Presentation on theme: "Seeds for Early Literacy Oral Language California Preschool Instructional Network A project of the California Department of Education Child Development."— Presentation transcript:
Seeds for Early Literacy Oral Language California Preschool Instructional Network A project of the California Department of Education Child Development Division
Did you know that you can support early literacy through conversations with children? Based on the research of David Dickinson Peabody College of Education Vanderbilt University
3 Research on childrens oral language experience shows: Hart & Risely, Meaningful Differences, Brookes Publishing This is the power of conversation
4 Vocabulary learning is based on the oral language children hear, 1 on 1: 30 and 36 months (Hart & Risely, 1995) Professional Families Welfare families Vocabulary at 30 months 766 recorded words 357 recorded words Vocabulary learned in 6 months 350 recorded words 168 recorded words
5 Research demonstrates that children: learn vocabulary through: extended and responsive 1 on 1 conversations, sharing and hearing personal experiences, hearing and talking about books and stories. learn English language syntax by: having teachers provide grammatically correct language models, hearing good books regularly, learn to read earlier because of experience with complex uses of oral language.
6 1 on 1 conversations provide: rich vocabulary, listening and experimenting with words and the sounds of language, talk that stretches thinking about experiences & stories that develop over time. caring, individual time to build a close teacher- child relationship,
7 In conversations, children learn to: check for understanding, take turns - listening & speaking, use gestures and intonation to signal feelings, use eye gaze to maintain attention. put ideas into words,
8 Challenges can be overcome… Children who are English language learners, as well as children with slow language and early literacy development: have the ability to learn, (Skill in the first language transfers to other learned languages.) can make rapid progress when they are provided with: strong emotional support (reduce anxiety - make it fun!) opportunities to be drawn into conversations, through single words, gestures and pantomime. Children have better long-term academic success when they have a strong first language.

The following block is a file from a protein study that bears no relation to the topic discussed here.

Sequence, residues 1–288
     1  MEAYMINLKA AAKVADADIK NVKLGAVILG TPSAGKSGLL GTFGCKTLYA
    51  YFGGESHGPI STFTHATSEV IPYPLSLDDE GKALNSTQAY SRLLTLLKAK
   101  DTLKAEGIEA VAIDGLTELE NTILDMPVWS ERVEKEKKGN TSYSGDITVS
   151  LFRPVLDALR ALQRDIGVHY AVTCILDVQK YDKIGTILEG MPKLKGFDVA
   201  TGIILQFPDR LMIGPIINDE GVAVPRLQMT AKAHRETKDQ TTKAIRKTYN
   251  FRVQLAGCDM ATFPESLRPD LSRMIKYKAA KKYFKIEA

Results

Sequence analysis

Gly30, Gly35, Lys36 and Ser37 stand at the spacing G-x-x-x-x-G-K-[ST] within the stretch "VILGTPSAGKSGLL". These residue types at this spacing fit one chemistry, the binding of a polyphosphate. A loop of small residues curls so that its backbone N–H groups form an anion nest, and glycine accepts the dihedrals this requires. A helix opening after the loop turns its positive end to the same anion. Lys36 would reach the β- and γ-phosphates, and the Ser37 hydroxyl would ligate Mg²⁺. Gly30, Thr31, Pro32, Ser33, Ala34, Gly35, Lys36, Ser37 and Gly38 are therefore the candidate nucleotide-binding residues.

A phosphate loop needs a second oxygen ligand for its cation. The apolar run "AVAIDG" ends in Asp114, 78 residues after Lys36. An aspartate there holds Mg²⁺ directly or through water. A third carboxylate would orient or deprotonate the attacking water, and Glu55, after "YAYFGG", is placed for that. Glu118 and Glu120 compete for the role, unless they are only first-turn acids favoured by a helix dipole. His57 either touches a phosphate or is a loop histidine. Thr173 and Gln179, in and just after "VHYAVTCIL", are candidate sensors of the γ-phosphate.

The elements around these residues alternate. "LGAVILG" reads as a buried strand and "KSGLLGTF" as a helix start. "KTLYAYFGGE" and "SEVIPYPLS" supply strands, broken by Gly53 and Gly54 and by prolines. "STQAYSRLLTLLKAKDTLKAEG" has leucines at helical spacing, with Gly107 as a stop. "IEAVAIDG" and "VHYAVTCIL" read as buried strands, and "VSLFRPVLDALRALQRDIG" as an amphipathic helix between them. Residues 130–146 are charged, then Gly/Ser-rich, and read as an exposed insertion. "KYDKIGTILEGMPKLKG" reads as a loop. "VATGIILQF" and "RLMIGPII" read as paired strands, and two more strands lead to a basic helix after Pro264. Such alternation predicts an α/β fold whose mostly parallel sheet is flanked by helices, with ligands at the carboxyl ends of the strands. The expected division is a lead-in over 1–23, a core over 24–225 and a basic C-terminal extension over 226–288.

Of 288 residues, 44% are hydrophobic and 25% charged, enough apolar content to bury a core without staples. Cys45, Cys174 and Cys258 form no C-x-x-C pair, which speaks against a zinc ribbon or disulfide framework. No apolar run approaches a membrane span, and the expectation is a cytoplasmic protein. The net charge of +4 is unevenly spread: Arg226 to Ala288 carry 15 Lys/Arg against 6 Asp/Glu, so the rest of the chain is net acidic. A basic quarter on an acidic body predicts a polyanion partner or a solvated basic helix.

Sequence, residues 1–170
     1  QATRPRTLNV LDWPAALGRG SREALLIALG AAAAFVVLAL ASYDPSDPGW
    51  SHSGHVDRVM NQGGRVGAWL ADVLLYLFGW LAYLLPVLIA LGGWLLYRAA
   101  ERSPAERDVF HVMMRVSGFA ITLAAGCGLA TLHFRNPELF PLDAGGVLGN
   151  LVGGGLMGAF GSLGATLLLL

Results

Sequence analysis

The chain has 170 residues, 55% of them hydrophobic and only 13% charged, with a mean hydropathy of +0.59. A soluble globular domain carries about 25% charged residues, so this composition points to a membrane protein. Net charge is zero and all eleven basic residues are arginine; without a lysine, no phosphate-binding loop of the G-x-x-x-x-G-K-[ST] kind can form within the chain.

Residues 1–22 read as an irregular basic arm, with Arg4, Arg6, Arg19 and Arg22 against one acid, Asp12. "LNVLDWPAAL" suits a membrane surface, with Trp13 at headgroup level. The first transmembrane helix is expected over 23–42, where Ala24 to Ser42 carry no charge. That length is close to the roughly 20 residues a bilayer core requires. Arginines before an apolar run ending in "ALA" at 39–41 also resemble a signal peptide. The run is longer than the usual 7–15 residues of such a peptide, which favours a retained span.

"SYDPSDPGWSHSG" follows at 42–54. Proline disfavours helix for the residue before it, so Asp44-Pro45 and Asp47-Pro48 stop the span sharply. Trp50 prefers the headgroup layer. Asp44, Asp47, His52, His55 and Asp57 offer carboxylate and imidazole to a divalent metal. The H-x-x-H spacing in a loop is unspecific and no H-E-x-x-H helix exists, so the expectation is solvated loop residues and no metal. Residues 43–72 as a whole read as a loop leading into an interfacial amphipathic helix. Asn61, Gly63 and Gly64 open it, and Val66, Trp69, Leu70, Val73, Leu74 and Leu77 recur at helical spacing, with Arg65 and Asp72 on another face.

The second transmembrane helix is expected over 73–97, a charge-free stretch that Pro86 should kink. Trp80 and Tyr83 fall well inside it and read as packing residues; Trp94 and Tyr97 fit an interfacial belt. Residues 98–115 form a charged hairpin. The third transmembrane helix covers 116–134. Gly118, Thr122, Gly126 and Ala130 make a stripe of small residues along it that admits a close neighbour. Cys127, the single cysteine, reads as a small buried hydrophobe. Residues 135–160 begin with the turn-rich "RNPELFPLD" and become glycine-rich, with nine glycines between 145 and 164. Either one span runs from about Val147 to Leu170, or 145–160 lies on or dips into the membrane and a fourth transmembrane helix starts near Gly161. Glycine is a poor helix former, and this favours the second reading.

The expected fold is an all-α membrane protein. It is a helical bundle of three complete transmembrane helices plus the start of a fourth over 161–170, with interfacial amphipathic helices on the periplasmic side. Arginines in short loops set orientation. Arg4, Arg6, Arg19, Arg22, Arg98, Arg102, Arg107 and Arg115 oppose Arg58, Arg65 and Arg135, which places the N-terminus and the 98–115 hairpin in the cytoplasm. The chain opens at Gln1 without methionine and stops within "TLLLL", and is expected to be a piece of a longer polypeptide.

9 Preschool classrooms can provide many opportunities to: read and write using sound-symbol correspondence and phonemic awareness. speak using familiar and new vocabulary, listen to rich vocabulary and extended ideas, see and experiment with letter and print,
10 Keys to engaging children in conversation: Plan individualized teacher- child conversations throughout the day, across all activities. Intentionally engage children to: orally share their ideas, clarify their thinking, extend the current topic, use vocabulary learning and precise use of language Share your own experience without taking over.
11 Keys to effective book reading and discussion: Read books regularly - several times each day. Read in an engaging manner. Encourage children to discuss the: plot of the book, characters, vocabulary, sequence of actions Define unfamiliar vocabulary in a child-friendly manner.
12 Keys to effective and connected learning activities: Plan activities that engage childrens interests and focus on the current theme and focused vocabulary. Encourage the use of the focused vocabulary and concepts in all learning centers. Reinforce the curriculum theme, vocabulary and concepts throughout the day. Respect childrens minds, ideas, and opinions.
13 Provide daily opportunities for children to: tell stories about their ideas and experiences. dictate or write about stories, characters, and roles. imagine and wonder about new ideas. have meaningful conversations with caring adults.
14 Enrich childrens vocabulary by: Using varied words. Expressing ideas in full sentences; do not avoid adult- like grammar. Expanding the childs comments, but dont take over. Presuming their knowledge about a topic is limitless.
15 To get started… identify times throughout the day that are conducive to teacher-child conversations. establish staff roles to ensure at least one teacher can engage in 1-1 conversations. meals, choice time, waiting, transition times meals, choice time, waiting, transition times set up routines that foster 1-1 conversations. create plans to ensure that all children engage in 1-1 conversations regularly. Work with classroom staff to:
16 Guiding Principles Teach with the intention of supporting early literacy through 1-1 conversations. Observe and watch for opportunities to engage children in 1-1 conversations. Enjoy listening, speaking, reading and writing with young children. Believe in the importance of the work you do today for each childs tomorrows.
17 Connections to DRDP Measure 13: Engages in conversations that develop a thought or idea. Measure 15: Experiments with new vocabulary, etc. Measure 34: Engages in discussions about books.
18 Resources Beginning Literacy With Language. Dickinson & Tabors. Brookes Publishing: 2001 Bringing Words to Life. Isabel Beck et. al. Guilford Press: 2002 Handbook of Early Literacy Research. Neuman & Dickinson. Guilford Publishing: 2001
19 Resources Meaningful Differences. Hart & Risley. Brookes Publishing:1995 One Child, Two Languages. Patton Tabors. Brookes Publishing:1997 Teaching 4 to 8-Year-Olds. Carolee Howes. Brookes Publishing: 2003